Florida is well known for its dangerous sinkholes, but at least in this incident there was a happy ending. On Tuesday this week a little pug by the name of Cookie was rescued by a veterinary team from the University Of Florida after taking a tumble down a massive sinkhole.

The ground opens up under Cookie the pug

In a report by the Gainesville Sun, Cookie had paused for a moment to have a scratch, while enjoying a walk around her owner’s farm. When the pug stood up and started walking again, a sinkhole suddenly opened up and, to quote the report, “that was when Cookie tumbled.” The little pug then fell 30-feet down into the sinkhole.

As soon as the pug fell, her owners contacted the Gilchrist County Sheriff’s Office, which in turn got hold of the Veterinary Emergency Treatment Service (VETS), a team of University of Florida staff and students who have been trained to handle animal-related emergencies. Reportedly the same team last year saved a horse from an above-ground septic tank, so they are used to this kind of work.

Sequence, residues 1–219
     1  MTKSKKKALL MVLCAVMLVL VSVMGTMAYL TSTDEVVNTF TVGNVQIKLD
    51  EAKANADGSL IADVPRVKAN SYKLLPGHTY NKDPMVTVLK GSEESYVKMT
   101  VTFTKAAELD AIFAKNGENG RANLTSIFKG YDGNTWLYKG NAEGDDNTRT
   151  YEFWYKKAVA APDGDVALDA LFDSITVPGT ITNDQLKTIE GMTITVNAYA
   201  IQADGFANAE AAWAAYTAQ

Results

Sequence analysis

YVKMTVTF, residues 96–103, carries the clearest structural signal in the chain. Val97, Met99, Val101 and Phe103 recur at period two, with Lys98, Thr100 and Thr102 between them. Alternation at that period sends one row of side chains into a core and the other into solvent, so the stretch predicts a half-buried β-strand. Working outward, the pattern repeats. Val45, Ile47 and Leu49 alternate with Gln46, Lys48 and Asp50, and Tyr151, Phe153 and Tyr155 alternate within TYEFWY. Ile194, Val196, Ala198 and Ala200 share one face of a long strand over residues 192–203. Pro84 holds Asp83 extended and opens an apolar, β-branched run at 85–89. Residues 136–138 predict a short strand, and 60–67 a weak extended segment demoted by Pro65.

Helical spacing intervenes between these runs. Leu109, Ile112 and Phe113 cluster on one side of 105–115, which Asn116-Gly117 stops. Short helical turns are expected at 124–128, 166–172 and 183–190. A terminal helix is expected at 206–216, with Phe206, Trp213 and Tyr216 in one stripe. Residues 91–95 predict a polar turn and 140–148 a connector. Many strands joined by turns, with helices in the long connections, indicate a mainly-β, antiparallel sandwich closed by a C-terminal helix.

One of Cookie’s owners, Laurel Johanson, said they were worried that Cookie would suffocate down there. However, when the fire rescue officers arrived on the scene, they said they could hear Cookie making snorting sounds below (being a pug, she reportedly snorts instead of barks) and they realized the little dog was still alive.

The team then reportedly dug for several hours to reach Cookie

Rescue team hoists the pug up to the surface unscathed

With the expanded help of the Trenton Fire Department, Gilchrist County Fire Rescue and Fanning Springs Fire Rescue, the VETS team then built an A-Frame over the sinkhole. Once this was in place, the team lowered Jennifer Groover, a 4th-year student, down into the hole with a harness for Cookie.

Reportedly as soon as Groover reached the grateful pug, Cookie jumped up into her lap and both were then hoisted up to the surface – a little dirty, but unhurt. John Haven from the University of Florida VETS team said it was a relief when Cookie was brought up unharmed. He said that giving the “four-legged child” back to its owner was a really good feeling.

Owners are keeping Cookie and their other dogs safe

According to the Orlando Weekly, owners Johanson and Patricia Langston are now planning on crating all eight of the dogs on their farm until they can get the sinkhole filled. They don’t want to have to experience any more close calls.